Monday, 29 November 2010

20 YEARS OF GRAND OPERA / Singapore Lyric Opera / Review

Singapore Lyric Opera
Esplanade Concert Hall
Friday (26 November 2010)

This review was published in The Straits Times on 29 November 2010.

For a nation with a negligible opera tradition, the Singapore Lyric Opera (SLO) has achieved a fair bit in its twenty years. Always cash-strapped and operating within wafer-thin budgets, its productions have often been a credit to its pluck and resourcefulness. For its 20th anniversary gala, highlights from twenty operas, operettas and musicals were packed into an eventful and largely enjoyable 160 minutes.

Using a cast that distinguished more recent productions was a wise choice. The faces were more familiar and voices fresher. The most outstanding moments came in love duets, with Singapore’s “First Lady of Opera” Nancy Yuen and Korean tenor Lee Jae Wook providing stellar performances from La Boheme and Madama Butterfly. Both radiated palpable chemistry and genuine sympathy, and one could be led into imagining this was taking place in a major opera house.

The pairing of Taiwanese soprano Jessica Chen and Korean baritone Song Kee Chang was also convincing in Leoncavallo’s E Allor Perche (I Pagliacci), while local mezzo-soprano Anna Koor and Korean soprano Choo Hi-Myung took the gloss to Offenbach’s Barcarolle (The Tales Of Hoffmann).
(From L) Anna Koor, Lemuel dela Cruz, Jessica Chen,
Leow Siak Fah, Yee Ee Ping, Eric Zhu & Nancy Yuen.

Solo arias also produced many moving minutes. London-based soprano Yee Ee Ping in Puccini’s Vissi D’Arte (Tosca) sounded like she meant every word of it. Veteran baritone William Lim was engaging in his opening introduction from I Pagliacci, and Filipino tenor Lemuel dela Cruz valiantly hit the highest notes of the Flower Song (Gounod’s Faust) despite nursing a cold.

Arias from Puccini’s Turandot registered the highest decibels. It seemed strange that Nessun Dorma was sung before In Questa Reggia, out of sequence in the opera, but the reason was soon apparent. Tenor Lee’s predictably heroic Calaf had to take second place to Chen’s ice-cold Turandot, her frightening intensity was one to raise goosebumps and chill blood.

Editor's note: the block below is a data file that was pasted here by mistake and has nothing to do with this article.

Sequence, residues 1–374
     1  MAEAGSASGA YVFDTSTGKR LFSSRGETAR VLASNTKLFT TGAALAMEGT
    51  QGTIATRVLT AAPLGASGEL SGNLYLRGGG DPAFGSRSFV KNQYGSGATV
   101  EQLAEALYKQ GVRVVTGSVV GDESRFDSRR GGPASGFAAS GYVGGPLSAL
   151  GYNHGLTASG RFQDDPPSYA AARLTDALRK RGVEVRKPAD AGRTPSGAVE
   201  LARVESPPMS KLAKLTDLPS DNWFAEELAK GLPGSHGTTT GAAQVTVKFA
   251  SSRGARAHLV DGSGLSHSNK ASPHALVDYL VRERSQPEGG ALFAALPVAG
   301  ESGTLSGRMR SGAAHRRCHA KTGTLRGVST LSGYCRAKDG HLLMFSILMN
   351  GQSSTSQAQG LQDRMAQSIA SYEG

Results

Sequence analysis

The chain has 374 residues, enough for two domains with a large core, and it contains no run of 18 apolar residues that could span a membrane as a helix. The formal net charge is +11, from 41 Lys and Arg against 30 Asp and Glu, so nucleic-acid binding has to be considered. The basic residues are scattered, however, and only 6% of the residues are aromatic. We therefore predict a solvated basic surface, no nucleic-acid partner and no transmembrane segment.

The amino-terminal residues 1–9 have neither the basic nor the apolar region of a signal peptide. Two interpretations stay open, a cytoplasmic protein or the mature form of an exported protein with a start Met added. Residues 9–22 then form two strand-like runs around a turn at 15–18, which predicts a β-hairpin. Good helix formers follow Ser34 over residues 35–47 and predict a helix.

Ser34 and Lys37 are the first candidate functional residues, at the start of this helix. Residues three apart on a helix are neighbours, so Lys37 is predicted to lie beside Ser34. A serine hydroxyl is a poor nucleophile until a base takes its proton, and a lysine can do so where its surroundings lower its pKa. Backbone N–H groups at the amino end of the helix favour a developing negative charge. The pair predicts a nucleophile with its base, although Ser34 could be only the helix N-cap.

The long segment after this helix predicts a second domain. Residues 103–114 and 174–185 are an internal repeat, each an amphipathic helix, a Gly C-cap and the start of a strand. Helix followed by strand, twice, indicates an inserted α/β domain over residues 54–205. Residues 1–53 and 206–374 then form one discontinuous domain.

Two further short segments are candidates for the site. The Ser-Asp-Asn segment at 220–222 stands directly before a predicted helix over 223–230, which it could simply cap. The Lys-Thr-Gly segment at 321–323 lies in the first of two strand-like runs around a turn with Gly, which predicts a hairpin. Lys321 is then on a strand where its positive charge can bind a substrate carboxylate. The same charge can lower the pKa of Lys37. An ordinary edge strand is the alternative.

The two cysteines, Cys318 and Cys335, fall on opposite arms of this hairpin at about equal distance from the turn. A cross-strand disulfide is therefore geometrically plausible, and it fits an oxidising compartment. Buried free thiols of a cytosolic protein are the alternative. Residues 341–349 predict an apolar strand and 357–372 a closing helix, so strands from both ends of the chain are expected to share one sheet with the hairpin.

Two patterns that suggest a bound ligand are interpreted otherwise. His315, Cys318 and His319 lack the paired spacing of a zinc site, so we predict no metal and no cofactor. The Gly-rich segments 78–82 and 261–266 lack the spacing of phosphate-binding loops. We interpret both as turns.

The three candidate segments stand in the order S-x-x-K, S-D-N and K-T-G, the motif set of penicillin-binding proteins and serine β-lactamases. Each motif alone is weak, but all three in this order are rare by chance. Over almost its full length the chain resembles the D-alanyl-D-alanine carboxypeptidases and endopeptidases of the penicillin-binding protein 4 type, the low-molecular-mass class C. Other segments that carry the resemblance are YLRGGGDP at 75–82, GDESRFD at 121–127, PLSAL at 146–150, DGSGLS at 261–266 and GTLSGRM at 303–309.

In an effort to be inclusive, there was a nod to Singapore’s first and only opera to date, Leong Yoon Pin’s Bunga Mawar. Yuen and Lim did the honours for the lyrical duet Can I Believe The Sentiment Of Song.

A toast should be raised to Leow Siak Fah, (left) SLO’s founding Chairman who single-handedly bankrolled early productions while casting himself in leading tenor roles. In a final hurrah, he relived an imperious youth in Don Jose (Carmen), Count Danilo (The Merry Widow), Tevye (Fiddler On The Roof) and The Student Prince with great spirit if not in best voice. This septuagenarian businessman will at least go down as the greatest amateur opera singer in Singapore history.
Brindisi (La Traviata) - Let's drink to the SLO!

The SLO Orchestra conducted by Eric Zhu provided excellent support, with concertmaster Foo Say Ming playing several exquisite violin solos, and Marc Rochester dusting cobwebs off Esplanade’s underused Klais organ in excerpts from Mascagni’s Cavalleria Rusticana. Young voices from the SLO’s three choirs also contributed significantly to the sense of occasion.

As celebrations go, there were three drinking songs, from Strauss’ Die Fledermaus, Romberg’s The Student Prince and to close on a high, Verdi’s La Traviata. There should be much to look forward to in SLO’s next twenty years.

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